Something I've been reflecting on lately in my role as a professional software developer is that much more time is spent maintaining existing code than there is time spent writing new code. Despite this the vast majority of learning materials currently out there has a focus on writing new code. There's a distinct lack of quality materials  about code maintenence which is quite worrying when you consider that:
Repairing and improving old code is harder than writing new code.
This set of tutorials is aimed at helping you learn the skills involved in repairing and improving existing code. To do this I think the most effective approach is to get samples of real code and show the improvement process as it happens.
Many tutorials that deal with fixing code have a somewhat contrived feel to them. I know that if I try to come up with examples of code to show refactoring techniques I have a bias towards making clean code that has one obvious problem. While this might be good for showing the problems with a particular isolated concept it doesn't really get to the core of why refactoring really bad production code is so challenging. Generally speaking one of the main skills when repairing old code is spotting the problems in the first place. When you are faced with poor quality code that lacks structure a big part of the battle is figuring out the intent of the code. This can be extra difficult if the author didn't know what they were trying to achieve or if they were faced by continually changing project requirements. Additionally you might not have the luxury of being able to ask the author of the code for clarification.
Part of the reason old code is hard to fix is because code is easier to write than it is to read. When you are faced with poor quality codebases this problem is amplified. And if this wasn't already enough you might be faced with these additional challenges:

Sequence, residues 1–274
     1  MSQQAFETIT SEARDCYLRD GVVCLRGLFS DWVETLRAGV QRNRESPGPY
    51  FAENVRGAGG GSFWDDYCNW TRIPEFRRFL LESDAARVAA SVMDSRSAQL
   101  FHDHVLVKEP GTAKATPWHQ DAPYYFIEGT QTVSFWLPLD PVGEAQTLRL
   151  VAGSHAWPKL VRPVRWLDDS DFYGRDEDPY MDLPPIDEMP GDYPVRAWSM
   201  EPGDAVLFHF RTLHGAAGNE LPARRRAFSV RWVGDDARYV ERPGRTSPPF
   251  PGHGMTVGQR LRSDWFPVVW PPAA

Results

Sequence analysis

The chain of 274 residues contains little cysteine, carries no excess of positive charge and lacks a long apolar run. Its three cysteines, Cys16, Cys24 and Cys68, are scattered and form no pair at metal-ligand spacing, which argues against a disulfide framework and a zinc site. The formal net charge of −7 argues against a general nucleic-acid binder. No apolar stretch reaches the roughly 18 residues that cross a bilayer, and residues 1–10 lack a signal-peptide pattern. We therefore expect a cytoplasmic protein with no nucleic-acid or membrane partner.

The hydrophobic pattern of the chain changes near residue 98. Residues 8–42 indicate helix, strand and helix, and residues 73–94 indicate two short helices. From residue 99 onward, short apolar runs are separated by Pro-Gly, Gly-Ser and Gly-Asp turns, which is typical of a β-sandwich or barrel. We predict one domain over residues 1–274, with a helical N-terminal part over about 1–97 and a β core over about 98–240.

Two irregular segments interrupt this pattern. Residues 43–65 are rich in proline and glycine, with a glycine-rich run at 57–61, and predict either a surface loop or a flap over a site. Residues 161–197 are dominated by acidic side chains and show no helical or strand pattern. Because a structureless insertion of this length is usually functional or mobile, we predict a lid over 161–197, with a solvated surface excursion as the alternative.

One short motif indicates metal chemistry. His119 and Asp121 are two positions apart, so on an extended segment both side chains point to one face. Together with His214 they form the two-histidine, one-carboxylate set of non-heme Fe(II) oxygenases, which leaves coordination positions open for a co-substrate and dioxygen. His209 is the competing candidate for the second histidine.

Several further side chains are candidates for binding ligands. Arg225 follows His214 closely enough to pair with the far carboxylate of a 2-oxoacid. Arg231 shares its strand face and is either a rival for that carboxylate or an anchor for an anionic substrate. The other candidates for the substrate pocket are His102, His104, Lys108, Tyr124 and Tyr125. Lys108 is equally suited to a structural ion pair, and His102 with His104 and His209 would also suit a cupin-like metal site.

- The code might not have documentation at all or worse might have documentation that is inconsistent with the actual code.
- There might be no unit tests.
- There may be different authors and coding styles. The quality of the code might be great in some places and terrible in others.
Newly written code from inexperienced programmers is often really good material for this format of tutorial as there are frequently issues the author was completely unaware of, I have some of my old snippets of code lying around that I'm going to hopefully tackle in some of these code repair articles. Once I get some more time I would like to open this up to reader submissions. If people send in great examples of messy code that was deployed that could lead to some really good articles, get in contact with me to discuss more!
List of articles
|||While there's not a ton of resource out there there are a few I would recommend. "Working effectively with legacy code" by Feathers is a great book. I would recommend it if for no other reason than the explanation of "seams" and how you can use them to refactor code.|